• Sadie de Coste, Ineza Umuhoza Grace, Loss and Damage Youth Coalition, Loss and Damage Youth Coalition (ldyouth.org)
  • David MacLennan, Climate Change Working Group, Outer Hebrides, New Climate Change Group in the Outer Hebrides (cne-siar.gov.uk)
  • Anna Carthy, of the International Institute for Environment and Development (IIED), is a climate change researcher. She has a background in environmental change and management, with a research focus on equity in climate adaptation and resilience. She also has experience conducting research on social protection, anticipatory action, and intersectionality in the humanitarian sector.
  • Ritu Bharadwaj, of the IIED, is a senior researcher in the climate governance and finance team. She is experienced in senior policy development, research and management experience in government, funding agencies and international NGOs. Ritu has worked extensively on social protection, climate resilience, forest and watershed management, resource conservation, livelihood and gender issues.
  • Professor Lisa Vanhala is a Professor of Political Science from University College London. She is interested in the politics of climate change and the socio-legal study of human rights and equality issues. Her current project, the Politics and Governance of Climate Change Loss and Damage, explores attempts to govern the impacts of climate change we will not be able to adapt to at the global and national level.
  • Istiakh Ahmed manages both ‘Loss and Damage’ and ‘Locally led Adaptation and Resilience’ programmes at the International Centre for Climate Change and Development (ICCCAD). His research interest areas are loss and damage, livelihood resilience, climate change adaptation, environmentally induced migration, social vulnerabilities due to environmental stressors.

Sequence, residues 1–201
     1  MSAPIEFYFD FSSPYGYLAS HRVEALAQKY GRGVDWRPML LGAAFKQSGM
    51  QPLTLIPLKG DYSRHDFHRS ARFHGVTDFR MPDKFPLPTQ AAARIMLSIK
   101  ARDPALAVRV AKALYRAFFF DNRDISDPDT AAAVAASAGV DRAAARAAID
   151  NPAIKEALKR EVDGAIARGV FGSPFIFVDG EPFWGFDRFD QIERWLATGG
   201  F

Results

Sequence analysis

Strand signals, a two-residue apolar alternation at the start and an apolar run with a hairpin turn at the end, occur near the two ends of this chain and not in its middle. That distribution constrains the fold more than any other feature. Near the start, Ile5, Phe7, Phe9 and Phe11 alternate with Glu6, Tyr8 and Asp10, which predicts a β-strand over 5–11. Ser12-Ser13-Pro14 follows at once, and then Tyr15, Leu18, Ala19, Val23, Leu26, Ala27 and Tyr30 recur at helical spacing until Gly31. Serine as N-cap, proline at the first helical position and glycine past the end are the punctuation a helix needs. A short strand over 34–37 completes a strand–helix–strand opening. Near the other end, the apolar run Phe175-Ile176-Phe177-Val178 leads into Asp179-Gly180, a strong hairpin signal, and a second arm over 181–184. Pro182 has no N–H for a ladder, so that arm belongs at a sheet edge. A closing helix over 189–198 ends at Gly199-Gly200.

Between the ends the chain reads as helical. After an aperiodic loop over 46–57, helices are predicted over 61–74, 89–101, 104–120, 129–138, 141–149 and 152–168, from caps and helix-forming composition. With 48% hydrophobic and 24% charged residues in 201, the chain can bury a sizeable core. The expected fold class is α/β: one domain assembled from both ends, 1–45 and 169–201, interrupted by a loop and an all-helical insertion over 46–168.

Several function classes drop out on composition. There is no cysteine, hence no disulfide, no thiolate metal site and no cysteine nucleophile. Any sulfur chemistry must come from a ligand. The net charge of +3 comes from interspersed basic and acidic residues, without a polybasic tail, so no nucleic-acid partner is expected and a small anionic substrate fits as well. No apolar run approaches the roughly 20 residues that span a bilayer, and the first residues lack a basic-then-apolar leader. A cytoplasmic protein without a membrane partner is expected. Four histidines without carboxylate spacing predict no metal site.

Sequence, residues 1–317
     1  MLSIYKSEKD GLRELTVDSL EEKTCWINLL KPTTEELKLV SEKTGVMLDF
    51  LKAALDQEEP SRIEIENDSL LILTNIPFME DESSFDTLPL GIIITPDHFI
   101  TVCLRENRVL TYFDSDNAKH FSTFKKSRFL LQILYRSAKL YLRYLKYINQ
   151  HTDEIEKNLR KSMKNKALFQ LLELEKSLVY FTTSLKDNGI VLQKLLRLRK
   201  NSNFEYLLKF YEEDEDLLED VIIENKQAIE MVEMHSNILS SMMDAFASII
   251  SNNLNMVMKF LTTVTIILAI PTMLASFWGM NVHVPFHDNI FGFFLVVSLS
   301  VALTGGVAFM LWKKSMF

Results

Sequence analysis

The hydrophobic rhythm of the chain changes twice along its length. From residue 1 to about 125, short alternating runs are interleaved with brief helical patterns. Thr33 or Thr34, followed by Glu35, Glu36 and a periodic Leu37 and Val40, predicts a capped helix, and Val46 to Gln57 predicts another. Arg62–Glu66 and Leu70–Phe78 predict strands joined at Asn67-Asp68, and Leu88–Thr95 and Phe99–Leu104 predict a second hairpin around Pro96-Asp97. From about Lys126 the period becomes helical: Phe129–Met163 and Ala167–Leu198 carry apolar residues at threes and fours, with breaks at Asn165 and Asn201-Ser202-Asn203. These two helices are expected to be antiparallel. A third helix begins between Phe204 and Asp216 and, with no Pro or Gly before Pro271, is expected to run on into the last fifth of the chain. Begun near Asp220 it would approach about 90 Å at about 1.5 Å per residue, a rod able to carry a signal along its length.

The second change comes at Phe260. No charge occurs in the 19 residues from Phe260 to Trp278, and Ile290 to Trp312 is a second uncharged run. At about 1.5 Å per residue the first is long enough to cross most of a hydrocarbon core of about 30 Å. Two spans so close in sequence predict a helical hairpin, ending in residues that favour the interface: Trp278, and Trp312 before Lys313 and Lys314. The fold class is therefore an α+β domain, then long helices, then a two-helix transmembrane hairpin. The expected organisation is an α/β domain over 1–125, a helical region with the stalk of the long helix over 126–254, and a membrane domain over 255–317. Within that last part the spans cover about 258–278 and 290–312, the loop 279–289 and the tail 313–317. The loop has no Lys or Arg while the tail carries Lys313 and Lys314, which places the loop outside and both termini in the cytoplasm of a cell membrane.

• Simon Anderson is a Senior fellow, Strategy and Learning, at the International Institute for Environment and Development (iied.org). Simon is currently working on monitoring and evaluation for learning, gender equality and issues of sustainable development universality. His work includes ways to transform experiential learning of sustainable development into evidence for policy.

The Just Transition session on 9 September was facilitated by The African Regional Organisation of the International Trade Union Confederation (ITUC-Africa) and Friends of the Earth Scotland.

Panellists and facilitators  included:

  • Gerard Howe – Deputy Director, COP26 & International Climate Change at the Scottish Government.
  • Harjeet Singh – CAN-I.
  • Sivan Kartha – Climate Equity Reference Project & SEI.
  • Lebo Mulaisi – Cosatu.
  • Ruth Nyambura – African Eco-feminist Collective and HOME.